“I think the most stressful thing has been to build consensus with the other council members,” he said. “I have two very strong individuals on the council. Joe McKee is very set in his ways. Russell Betts and I have always had our little differences, but we’ve been working well together.”

Published in Local Issues

It was a simple, four-step exercise:

1. We came up with a list of 10 questions—five serious, issue-based questions, and five questions that are a little more light-hearted—to ask all of the candidates for city office.

2. We set up interviews with all of the candidates.

3. We asked the candidates the 10 questions.

That’s exactly what Desert Hot Springs resident Brian Blueskye did over the last couple of weeks. He interviewed eight of the nine Desert Hot Springs candidates (two mayoral candidates and seven City Council candidates)—everyone except Jeanette Jaime. Brian called her twice and emailed her twice; he even accepted help from another candidate who offered to put in a good word. No dice.

Now, comes the last step.

4. Report the answers to those 10 questions.

Here’s what all of the candidates have to say. We only made minor edits on the candidates’ answers for grammar and style; in some cases, we also edited out redundancies. Finally, in some instances, we did not include portions of candidates’ answers if they went completely off-topic.

Welcome to Candidate Q&A.

Candidate Q&A: Desert Hot Springs Mayoral Candidate Scott Matas

Candidate Q&A: Desert Hot Springs Mayoral Candidate Adam Sanchez (Incumbent)

Candidate Q&A: Desert Hot Springs City Council Candidate Russell Betts

Candidate Q&A: Desert Hot Springs City Council Candidate Larry Buchanan

Candidate Q&A: Desert Hot Springs City Council Candidate Richard Duffle

Candidate Q&A: Desert Hot Springs City Council Candidate Asia Horton

Candidate Q&A: Desert Hot Springs City Council Candidate Yvonne Parks

Candidate Q&A: Desert Hot Springs City Council Candidate Anayeli Zavala

Published in Politics

Name: Scott Matas

Age: 44

Occupation: Marketing, DHS City Council member

Interview: In person

1. Describe the city’s current budget situation. How do you plan to balance the budget and take care of the city?

The city has obviously been through a financial crisis over the past couple of years. Politically, I think it was taken out of context. There’s $2.9 million in our cash-flow account, which is to pay the bills. That’s basically what our city manager said earlier this year and said, “I need you to make sure you have enough in cuts.” We believe that the tax revenue coming in from medical marijuana is also helping. In December, we get another push from property tax. In January, we’ll do a mid-year review to see where we’re at.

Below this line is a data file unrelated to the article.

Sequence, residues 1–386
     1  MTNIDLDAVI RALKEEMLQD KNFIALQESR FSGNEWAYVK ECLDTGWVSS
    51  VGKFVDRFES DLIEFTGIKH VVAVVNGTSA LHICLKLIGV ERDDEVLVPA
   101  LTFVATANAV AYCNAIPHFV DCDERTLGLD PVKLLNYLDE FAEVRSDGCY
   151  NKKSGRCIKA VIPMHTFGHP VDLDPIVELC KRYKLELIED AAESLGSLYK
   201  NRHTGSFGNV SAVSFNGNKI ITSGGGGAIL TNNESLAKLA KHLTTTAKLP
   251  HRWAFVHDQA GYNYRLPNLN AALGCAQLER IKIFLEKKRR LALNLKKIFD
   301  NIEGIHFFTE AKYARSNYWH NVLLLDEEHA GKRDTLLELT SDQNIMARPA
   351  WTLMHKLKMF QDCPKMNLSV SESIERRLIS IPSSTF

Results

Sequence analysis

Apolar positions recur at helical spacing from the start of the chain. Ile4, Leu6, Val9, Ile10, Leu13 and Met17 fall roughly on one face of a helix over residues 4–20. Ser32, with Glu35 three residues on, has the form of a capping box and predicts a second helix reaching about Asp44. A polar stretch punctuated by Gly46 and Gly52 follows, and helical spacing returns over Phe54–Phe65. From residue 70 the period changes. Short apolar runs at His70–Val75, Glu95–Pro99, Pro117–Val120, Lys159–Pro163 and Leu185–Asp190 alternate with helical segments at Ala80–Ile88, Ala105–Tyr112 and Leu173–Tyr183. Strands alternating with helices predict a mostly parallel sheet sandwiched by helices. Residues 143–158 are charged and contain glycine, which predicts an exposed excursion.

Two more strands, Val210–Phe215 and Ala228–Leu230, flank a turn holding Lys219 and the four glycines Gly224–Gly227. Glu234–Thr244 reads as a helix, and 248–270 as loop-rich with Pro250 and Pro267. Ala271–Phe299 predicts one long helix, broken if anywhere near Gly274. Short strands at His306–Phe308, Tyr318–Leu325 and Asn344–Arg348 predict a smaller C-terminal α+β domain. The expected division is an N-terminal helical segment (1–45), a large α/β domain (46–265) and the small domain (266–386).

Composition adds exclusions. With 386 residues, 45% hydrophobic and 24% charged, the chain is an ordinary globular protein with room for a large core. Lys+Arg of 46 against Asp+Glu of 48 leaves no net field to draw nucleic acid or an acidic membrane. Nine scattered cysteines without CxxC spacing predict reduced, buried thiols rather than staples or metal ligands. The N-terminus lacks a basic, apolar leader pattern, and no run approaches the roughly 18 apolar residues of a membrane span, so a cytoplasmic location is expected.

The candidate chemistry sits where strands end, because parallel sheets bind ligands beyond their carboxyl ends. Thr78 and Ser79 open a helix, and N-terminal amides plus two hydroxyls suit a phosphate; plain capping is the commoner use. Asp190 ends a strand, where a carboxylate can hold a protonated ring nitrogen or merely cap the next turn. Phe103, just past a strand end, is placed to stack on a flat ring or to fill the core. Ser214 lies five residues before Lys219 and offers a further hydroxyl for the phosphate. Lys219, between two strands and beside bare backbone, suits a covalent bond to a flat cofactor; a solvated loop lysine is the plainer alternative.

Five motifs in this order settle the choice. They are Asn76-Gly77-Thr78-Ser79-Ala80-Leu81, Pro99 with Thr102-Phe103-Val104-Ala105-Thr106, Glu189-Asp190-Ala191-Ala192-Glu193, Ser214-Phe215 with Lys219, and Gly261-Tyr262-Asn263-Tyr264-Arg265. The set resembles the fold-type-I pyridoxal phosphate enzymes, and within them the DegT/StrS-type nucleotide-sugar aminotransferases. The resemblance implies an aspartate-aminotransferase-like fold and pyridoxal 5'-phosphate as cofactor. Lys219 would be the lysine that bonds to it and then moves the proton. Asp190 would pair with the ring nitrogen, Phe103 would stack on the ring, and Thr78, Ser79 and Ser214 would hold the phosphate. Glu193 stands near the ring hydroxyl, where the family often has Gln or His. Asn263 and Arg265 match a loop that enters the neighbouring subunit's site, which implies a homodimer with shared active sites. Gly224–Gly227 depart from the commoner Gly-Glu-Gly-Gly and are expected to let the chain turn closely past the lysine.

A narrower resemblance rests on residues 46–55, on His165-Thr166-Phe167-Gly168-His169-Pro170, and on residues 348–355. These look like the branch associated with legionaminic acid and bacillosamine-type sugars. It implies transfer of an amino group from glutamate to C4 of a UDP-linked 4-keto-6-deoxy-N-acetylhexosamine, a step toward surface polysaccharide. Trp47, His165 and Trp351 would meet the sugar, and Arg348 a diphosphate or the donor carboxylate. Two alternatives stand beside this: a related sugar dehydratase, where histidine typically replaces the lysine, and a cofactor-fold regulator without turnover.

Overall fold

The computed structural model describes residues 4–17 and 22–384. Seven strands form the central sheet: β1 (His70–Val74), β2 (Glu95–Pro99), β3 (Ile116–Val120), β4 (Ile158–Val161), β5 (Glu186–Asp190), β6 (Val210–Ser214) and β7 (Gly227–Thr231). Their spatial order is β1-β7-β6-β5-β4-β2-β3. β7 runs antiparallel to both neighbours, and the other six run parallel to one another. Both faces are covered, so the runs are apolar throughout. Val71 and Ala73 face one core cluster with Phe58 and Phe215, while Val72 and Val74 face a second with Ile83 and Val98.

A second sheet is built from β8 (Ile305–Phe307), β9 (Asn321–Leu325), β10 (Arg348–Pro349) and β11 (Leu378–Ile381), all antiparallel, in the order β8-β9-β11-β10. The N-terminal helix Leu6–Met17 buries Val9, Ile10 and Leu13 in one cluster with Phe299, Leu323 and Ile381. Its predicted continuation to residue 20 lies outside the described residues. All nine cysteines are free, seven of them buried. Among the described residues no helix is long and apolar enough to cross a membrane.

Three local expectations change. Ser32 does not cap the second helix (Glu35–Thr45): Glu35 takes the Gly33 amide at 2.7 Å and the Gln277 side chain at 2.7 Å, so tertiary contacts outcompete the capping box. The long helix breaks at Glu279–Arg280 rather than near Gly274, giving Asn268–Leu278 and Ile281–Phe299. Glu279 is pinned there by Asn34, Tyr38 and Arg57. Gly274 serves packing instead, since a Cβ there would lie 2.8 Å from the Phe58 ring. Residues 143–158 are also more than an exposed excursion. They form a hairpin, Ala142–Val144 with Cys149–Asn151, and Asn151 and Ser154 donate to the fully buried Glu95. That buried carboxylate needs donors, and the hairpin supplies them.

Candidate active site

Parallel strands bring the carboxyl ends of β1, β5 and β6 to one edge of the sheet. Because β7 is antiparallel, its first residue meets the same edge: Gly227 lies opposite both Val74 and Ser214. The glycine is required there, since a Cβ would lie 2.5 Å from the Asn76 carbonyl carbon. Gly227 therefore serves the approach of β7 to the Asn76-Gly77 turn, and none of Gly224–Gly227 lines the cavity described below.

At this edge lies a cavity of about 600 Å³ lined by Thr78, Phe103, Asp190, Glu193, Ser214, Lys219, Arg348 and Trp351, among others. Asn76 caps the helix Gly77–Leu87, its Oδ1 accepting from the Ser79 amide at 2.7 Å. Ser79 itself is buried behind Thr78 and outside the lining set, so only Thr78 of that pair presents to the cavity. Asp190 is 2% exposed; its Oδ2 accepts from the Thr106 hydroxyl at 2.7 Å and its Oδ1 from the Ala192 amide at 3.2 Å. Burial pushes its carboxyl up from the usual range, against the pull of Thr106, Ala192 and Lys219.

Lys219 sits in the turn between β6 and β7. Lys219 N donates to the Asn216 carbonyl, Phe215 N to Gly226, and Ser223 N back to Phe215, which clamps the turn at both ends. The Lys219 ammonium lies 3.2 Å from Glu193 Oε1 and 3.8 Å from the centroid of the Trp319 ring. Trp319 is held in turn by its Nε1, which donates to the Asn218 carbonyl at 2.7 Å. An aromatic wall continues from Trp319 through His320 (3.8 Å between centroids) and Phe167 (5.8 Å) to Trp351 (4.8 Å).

2. Aside from hiring more officers, what can be done to tackle DHS’ crime rate? 

We need to go back to a community-policing model. We know Prop 47 released a lot of offenders back into the local cities without any money to counter it. The individuals doing the smaller crimes are getting released faster and going back to those crimes. Part of my plan is to build a rehabilitation center for prisoners coming out of the system. The parole department had a couple of them in the state, and I went to visit the one in San Diego; it’s very successful and has an 80 percent success rate. Youth is always a problem when they grow up in a poor neighborhood and commit crimes, so we need to focus on the youth programs. We have 50 different programs, and people talk about how there’s nothing for the youth to do. Well, parents aren’t getting them to where they need to be.

3. How do you plan to attract new businesses to Desert Hot Springs?

I sat on the Economic Development Committee for five years as a co-chair. We had an award-winning plan through the state of California, but unfortunately, the current mayor became leader of the committee, and he devastated that committee and took everyone off of it. I want to bring that plan back; I want the City Council to go out and believe in spending a couple hundred dollars to send City Council members to international conferences, and get back on track with that.

Also, we need a red-carpet program similar to the one we had three years ago. We have to roll out the red carpet and say “You’re important; we want you to come to our community; here’s the process to make sure you have what you need, and a line that you can call to someone to get through that process as quick as possible.”